Hospital falls: When a general negligence claim slips into medical malpractice


medical; hospital; doctor

By: LaShay L. Byrd and Kyle M. Virgin

Slip and fall accidents typically manifest as general negligence claims. However, a recent Kentucky Court of Appeals decision, Boston v. Commonwealth Health Corporation, Inc., No. 2023-CA-0583-MR, 2024 WL 1335987, at *5 (Ky. Ct. App. Mar. 29, 2024), has reiterated that hospital falls vary in nature and not every slip and fall constitutes a “normal” general negligence claim. Specifically, the Court in Boston distinguished general negligence claims from medical malpractice or medical negligence claims.  

Boston involved allegations that a Plaintiff tripped on a raised piece of cobblestone near the front entrance of the Defendant hospital, which caused him to fall, strike the ground, and suffer serious bodily injuries. Plaintiff received care and treatment at the Defendant hospital shortly after his fall. However, in his Complaint, Plaintiff only took issue with the injury he sustained from his fall on the hospital premises. 

Defendant moved to dismiss based on Plaintiff’s failure to comply with Kentucky’s statutory certificate of merit requirement, arguing that the statute requires a certificate of merit be filed with the complaint for any action against a physician, surgeon, dentist, or hospital for malpractice or negligence. The Court of Appeals rejected this argument and noted that medical malpractice is a subject “markedly different” from premises liability negligence. 

The Court held that the Plaintiff’s alleged “slip and fall” injury stemmed not from the hospital’s care and treatment of a claimant but from a hazard on the hospital’s premises and, accordingly, was an ordinary negligence case and not a claim of medical malpractice. Consequently, Plaintiff was not required to comply with the procedural requirements for a medical malpractice action.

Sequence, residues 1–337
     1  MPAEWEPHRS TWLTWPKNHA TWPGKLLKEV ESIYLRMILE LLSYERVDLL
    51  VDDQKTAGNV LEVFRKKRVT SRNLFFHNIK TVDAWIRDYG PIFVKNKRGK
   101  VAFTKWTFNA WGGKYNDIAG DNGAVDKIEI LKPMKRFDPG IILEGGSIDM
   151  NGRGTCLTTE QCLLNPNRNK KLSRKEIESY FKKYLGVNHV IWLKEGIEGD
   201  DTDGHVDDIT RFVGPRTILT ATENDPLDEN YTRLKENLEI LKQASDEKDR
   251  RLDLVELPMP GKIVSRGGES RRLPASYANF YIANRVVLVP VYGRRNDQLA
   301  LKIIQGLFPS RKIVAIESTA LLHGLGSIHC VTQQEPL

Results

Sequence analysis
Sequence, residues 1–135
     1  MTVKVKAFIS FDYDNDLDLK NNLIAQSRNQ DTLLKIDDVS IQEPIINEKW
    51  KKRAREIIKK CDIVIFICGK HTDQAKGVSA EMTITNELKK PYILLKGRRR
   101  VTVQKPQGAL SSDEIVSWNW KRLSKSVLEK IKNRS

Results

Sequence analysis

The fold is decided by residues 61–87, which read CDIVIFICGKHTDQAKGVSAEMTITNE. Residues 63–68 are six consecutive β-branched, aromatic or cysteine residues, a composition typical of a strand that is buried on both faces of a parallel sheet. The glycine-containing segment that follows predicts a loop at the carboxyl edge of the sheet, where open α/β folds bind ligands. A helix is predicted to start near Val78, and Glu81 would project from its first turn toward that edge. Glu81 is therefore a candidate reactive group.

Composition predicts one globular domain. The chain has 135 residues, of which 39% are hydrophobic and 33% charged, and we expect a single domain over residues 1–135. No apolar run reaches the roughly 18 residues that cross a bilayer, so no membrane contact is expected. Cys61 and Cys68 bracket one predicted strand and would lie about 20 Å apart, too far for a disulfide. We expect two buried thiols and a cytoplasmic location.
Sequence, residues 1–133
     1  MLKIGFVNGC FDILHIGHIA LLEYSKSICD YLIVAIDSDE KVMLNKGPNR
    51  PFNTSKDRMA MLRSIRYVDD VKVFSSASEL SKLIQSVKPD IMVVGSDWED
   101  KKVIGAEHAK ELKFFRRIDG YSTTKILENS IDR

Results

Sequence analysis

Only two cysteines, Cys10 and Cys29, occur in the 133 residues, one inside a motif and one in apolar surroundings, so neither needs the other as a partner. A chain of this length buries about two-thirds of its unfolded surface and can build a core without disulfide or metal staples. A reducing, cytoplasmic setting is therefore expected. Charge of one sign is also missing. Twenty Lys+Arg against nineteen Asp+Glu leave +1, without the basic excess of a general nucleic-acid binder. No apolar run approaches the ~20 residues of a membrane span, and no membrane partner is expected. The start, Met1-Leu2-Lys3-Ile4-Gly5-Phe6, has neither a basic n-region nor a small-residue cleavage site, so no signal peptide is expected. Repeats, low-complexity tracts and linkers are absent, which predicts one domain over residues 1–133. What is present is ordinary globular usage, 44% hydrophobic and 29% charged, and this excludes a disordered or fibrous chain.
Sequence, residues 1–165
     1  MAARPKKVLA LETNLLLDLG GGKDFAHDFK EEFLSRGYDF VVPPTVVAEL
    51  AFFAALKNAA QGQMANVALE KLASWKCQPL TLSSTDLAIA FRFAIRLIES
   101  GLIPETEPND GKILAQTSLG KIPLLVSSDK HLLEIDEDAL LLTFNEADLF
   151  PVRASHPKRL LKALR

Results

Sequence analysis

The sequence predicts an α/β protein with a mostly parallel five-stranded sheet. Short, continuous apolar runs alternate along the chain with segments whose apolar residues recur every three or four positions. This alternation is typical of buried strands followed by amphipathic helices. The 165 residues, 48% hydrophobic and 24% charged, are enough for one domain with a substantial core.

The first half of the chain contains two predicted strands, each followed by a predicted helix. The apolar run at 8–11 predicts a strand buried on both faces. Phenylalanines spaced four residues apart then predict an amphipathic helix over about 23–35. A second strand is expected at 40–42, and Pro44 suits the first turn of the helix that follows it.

It remains that a slip and fall claim can still constitute a medical malpractice claim depending on the allegations. The main distinction between the two types of claims hinges on the nature of the risk associated with a plaintiff’s allegations. When the risk originates from the defendant medical provider’s provision of medical care or involves allegations that medical staff members were negligent by failing to take reasonable steps to protect the patient, that action is one of medical malpractice or medical negligence. However, where the risk originates from a hazard on the premises, that action is one of ordinary negligence.  

Depending on the nature of the allegations, the distinction between malpractice and general negligence can greatly alter the rules of the litigation. Actions involving medical malpractice or medical negligence are complex and involve special requirements like a certificate of merit, a short limitations period, higher levels of proof, expert testimony, and other constraints that can complicate the filing and prosecuting of these actions. Many of these requirements aim to alleviate the initiation of frivolous lawsuits against medical professionals. It is important that hospitals and health care providers be particularly on alert at the outset of any claim involving patient falls on hospital premises so that they can appropriately classify the action, understand the “rules of the game,” and develop defenses accordingly.  

Please do not hesitate to contact LaShay Byrd at or your local FMG relationship partner to discuss this important opinion or for any related Tort questions.